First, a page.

1. Skip to content
  2. Skip to main menu
  3. Skip to more DW sites

Belarus: Trial begins for opposition leader's husband

June 24, 2021

Siarhei Tsikhanouski, arrested when he tried to run against Belarus' autocratic leader Alexander Lukashenko, has gone to trial. Exiled opposition leader Sviatlana Tsikhanouskaya told DW the trial is far from fair.

Tsikhanouskaya holds a picture of her husband
From exile in Lithuania, Tsikhanouskaya declared the trial an act of "personal revenge"Image: Roman Vondrous/POOL/AFP via Getty Images

Belarus opposition leader's husband on trial

Six handcuffed accused, including former presidential candidate and popular blogger Siarhei Tsikhanouski, were shown via government online video being escorted Thursday into a courtroom cage in Gomel in southeastern Belarus.

The independent Viasna rights group said Tsikhanouski and another opposition figure, Mikola Statkevich, faced up to 15 years in jail on charges of allegedly "manipulating public consciousness" via social media during pro-democracy protests last year. 

From her exile in Lithuania, Tsikhanouski's wife Sviatlana Tsikhanouskaya, Belarus's main opposition leader, described the trial as "personal revenge" of President Alexander Lukashenko, who along with close aides is facing a slew of international sanctions.

In an interview with DW, she also called for the release of all political prisoners and questioned the legitimacy of Thursday's trial: "I can't call it a trial. It's a fake trial. No diplomats, no relatives, no mass media were allowed to attend."

Tsikhanouskaya became Lukashenko's main electoral opponent in the election held in August after her husband was detained soon after announcing his presidential bid. He was widely known for the anti-Lukashenko slogan, "Kill the cockroach." 

Lukashenko was awarded a sixth term, officially with 80% of the vote, last August, but protests alleging regime manipulation of results broke out and a major crackdown ensued.

When activist Statkevich walked into the Gomel courtroom, he shouted "Long live Belarus!" — an opposition slogan during last year's demonstrations.

EU bans Belarus potash imports

News outlet "extremist"

At a separate hearing in the capital, Minsk, on Thursday, Belarusian authorities sought to designate the popular independent news outlet Tut.by as "extremist."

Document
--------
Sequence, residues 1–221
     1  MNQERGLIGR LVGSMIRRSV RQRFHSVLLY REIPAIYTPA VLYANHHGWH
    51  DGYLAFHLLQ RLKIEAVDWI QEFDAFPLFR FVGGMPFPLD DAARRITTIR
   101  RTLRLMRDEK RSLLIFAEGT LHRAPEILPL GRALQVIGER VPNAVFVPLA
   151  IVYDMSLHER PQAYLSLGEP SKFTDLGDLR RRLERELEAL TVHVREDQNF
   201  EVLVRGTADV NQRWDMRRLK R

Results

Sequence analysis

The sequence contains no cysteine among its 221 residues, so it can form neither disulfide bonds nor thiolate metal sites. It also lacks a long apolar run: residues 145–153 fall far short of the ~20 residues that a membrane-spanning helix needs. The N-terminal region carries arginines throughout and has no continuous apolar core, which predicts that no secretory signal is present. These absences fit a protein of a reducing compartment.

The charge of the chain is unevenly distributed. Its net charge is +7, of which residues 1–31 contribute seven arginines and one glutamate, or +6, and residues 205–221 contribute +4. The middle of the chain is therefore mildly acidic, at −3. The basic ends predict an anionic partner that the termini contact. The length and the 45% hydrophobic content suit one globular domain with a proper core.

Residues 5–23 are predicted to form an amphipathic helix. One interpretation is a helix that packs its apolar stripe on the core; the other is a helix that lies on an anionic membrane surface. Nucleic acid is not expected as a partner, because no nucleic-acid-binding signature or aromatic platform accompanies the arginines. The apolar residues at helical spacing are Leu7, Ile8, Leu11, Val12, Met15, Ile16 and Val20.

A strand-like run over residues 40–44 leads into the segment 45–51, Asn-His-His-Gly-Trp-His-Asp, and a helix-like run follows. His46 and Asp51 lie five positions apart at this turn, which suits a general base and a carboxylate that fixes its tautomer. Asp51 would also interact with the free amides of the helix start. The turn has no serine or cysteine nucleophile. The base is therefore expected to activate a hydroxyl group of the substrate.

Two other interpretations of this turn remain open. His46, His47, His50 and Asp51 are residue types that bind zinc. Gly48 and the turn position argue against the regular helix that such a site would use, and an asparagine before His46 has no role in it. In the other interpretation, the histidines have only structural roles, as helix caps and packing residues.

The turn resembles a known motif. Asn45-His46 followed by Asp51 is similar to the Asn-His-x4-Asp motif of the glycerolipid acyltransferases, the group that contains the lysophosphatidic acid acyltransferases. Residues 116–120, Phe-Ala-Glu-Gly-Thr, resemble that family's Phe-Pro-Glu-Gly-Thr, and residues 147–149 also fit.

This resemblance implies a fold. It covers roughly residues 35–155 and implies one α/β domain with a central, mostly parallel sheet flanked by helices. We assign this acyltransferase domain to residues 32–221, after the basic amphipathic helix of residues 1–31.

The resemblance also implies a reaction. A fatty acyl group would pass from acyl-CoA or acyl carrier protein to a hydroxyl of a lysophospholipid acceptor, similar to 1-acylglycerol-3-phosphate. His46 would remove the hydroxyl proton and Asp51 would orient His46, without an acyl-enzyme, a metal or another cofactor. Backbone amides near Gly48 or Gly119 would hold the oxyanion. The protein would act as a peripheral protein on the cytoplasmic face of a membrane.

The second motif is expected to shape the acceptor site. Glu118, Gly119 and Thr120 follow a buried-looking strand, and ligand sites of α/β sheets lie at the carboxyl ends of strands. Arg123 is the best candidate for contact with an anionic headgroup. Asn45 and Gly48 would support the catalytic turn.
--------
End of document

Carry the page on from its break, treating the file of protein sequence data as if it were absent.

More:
The site was blocked in May, with 15 employees detained on charges of tax evasion. 

On Tuesday, prosecutors had sought 15-year jail sentences for another leading opposition figure Viktor Babariko, who last year had also tried to contest the presidency until his arrest on fraud charges in June 2020.

Minsk persistent despite sanctions

Backed by key ally and creditor Russia, Lukashenko has so far shrugged off Western pressure, with most opponents either in jail or having fled the country.

The European Union, United States, Britain and Canada have instituted fresh sanctions on Lukashenko's Belarus over the forced landing and arrest of another regime critic.

Tsikhanouskaya welcomed those sanctions. She told DW: "We are really grateful to the EU and the United States, and other democratic countries. Sanctions can help."

She also said the opposition movement in the country was still strong.

"The opposition is the majority of Belarusians — we are millions of people who want change," she said. "People are not giving up and are united. People understand what they are fighting for."

How are the sanctions different from before?

The wide-ranging economic sanctions target Belarus' main export industries and access to finance a month after it forced a Ryanair flight to land in order to arrest a dissident journalist.

The measures include banning EU businesses from importing goods or doing business with Belarusian firms in sectors such as banking, petroleum and potash, a salt used in fertilizer that is the country's main export.

The sanctions are far stricter than previous measures, which mainly consisted of blacklists of Belarusian officials.

jsi, ipj/sms (AFP, dpa, Reuters, AP)